Royals with no role pose little threat

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The Independent Online

Tributes, flowers and presents flooded in for days; on Friday a 40,000-strong crowd surged up The Mall to applaud one old lady's birthday. Today there are 8,000 people in this country who are 100 years old or more. For the crowd, though, the other 7,999 could not compare with this one woman. The "Queen Mother effect" is not about longevity; to the sceptic, watching the Buckingham Palace balcony scene, it smacks of supine adoration.

Tributes, flowers and presents flooded in for days; on Friday a 40,000-strong crowd surged up The Mall to applaud one old lady's birthday. Today there are 8,000 people in this country who are 100 years old or more. For the crowd, though, the other 7,999 could not compare with this one woman. The "Queen Mother effect" is not about longevity; to the sceptic, watching the Buckingham Palace balcony scene, it smacks of supine adoration.

How can we explain, in a 21st-century democracy, the enduring appeal of the Royal Family? Hardened republicans seem to believe that a great con trick has been pulled on the flag-waving populace, that the esteem in which this dysfunctional family is held is a mass delusion, fooling forelock-tugging Britons about an Establishment bent on keeping "subjects" firmly in our place. Any day now, they fondly hope, Britain will see the light and boot the royals out. Meanwhile, monarchists ascribe republicanism to "the politics of envy", a spitting hatred of all things glamorous, traditional and successful. To them, the royals are an enduring symbol of Britain's former - and perhaps future - greatness. Both sides are wrong. The royals are not a stain on British democracy, because they play absolutely no important role in it. There have been crises when the Queen has played a significant role, but only after taking legitimate advice. We may be titular "subjects", but this has no effect on our daily lives: there is no prospect of Britain becoming a republic in the foreseeable future. But wishing to do without the royals is not simply a kill-joy reaction to other people's innocent pleasure. There is a legitimate and strong case for replacing our head of state chosen by accident of birth with one chosen more democratically.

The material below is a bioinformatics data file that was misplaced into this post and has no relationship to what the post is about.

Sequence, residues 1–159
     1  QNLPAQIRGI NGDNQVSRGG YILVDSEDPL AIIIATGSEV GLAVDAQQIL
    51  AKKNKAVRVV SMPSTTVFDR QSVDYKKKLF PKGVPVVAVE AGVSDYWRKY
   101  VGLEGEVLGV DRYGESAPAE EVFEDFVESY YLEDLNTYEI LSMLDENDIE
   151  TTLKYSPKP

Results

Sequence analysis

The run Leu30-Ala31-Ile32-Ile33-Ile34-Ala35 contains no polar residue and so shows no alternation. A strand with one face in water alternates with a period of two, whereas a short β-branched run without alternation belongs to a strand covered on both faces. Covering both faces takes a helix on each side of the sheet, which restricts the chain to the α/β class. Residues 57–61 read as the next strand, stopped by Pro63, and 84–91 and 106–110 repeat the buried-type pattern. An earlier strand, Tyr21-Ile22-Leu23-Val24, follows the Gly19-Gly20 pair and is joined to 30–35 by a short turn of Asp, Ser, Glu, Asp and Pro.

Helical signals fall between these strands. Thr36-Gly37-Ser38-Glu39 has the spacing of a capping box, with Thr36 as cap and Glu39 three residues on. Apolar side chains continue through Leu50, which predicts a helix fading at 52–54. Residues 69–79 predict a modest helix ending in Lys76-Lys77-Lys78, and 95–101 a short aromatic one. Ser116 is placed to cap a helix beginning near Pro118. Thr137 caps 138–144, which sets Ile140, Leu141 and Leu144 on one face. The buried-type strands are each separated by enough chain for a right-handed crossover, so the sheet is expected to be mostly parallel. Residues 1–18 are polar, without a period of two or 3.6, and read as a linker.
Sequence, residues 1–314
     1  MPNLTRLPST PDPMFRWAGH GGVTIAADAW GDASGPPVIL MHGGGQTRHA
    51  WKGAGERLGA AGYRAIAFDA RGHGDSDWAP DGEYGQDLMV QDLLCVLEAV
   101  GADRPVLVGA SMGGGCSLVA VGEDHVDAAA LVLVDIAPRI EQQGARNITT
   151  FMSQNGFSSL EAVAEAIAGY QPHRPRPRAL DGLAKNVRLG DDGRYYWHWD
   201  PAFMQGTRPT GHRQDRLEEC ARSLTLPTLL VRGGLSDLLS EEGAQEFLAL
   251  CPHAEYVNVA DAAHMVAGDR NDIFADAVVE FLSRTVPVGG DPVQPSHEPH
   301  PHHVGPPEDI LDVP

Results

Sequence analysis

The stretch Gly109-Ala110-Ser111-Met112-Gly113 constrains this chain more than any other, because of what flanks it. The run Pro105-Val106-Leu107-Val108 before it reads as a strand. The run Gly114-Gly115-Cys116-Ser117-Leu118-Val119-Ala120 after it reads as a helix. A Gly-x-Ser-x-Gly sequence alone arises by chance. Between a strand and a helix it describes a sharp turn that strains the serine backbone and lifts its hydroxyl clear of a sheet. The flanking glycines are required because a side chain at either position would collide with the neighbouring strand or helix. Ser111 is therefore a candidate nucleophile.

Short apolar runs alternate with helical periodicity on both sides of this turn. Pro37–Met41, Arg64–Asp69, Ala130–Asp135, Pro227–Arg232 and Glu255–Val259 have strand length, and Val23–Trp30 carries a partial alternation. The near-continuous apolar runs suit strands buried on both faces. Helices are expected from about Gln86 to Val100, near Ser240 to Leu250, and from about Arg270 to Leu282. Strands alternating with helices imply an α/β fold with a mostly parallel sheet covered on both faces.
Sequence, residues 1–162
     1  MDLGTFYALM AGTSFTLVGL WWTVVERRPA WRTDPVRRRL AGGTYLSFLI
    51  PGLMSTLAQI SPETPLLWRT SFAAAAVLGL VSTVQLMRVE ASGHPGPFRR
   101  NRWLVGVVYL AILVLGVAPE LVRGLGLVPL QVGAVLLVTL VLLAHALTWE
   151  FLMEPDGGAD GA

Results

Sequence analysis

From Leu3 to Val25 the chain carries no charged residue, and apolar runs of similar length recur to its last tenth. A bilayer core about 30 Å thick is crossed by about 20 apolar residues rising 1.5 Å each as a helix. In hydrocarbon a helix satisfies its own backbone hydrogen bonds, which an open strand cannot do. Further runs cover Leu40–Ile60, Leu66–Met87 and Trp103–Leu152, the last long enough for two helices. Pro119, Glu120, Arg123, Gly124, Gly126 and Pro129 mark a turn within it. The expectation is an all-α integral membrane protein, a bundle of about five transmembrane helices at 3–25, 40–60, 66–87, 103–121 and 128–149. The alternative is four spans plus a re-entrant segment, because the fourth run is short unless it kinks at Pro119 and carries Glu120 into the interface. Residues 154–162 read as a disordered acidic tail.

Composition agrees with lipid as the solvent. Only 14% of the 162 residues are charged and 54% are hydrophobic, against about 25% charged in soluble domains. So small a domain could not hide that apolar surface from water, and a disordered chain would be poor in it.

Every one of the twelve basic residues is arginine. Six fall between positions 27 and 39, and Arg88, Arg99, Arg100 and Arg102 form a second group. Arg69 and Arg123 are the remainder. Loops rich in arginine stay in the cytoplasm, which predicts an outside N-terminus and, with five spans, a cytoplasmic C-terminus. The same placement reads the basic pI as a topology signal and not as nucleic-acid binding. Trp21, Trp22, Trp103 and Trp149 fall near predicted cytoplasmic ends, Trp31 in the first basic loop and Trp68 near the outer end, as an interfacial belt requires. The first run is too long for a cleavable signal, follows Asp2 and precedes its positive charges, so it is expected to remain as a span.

But the most crucial point about the royals is that they aren't very crucial. Their role is ceremonial, not interventionist. They cost us money, but not very much. Britain may well be better without them, but not a lot. This is a country riven with unfairness, blighted by bigotry, exclusive, elitist and secretive. But to blame the royals for this is entirely to miss the point. The "lottery of birth" still determines an individual's chances of health and wealth far more perniciously than it stifles their desire to become head of state. The problem is not that Prince Charles sends his sons to Eton; it is that so many other parents believe that following suit will give their child a "golden key" to success, and that in many walks of life they are right.

So join us in a sneer at the royals this weekend. Look forward to their demise. But remember that if Britain is to become a true democracy, there are other priorities that should take precedence over ousting "the firm". Losing the monarchy should be on our "to do" list - but not very high.

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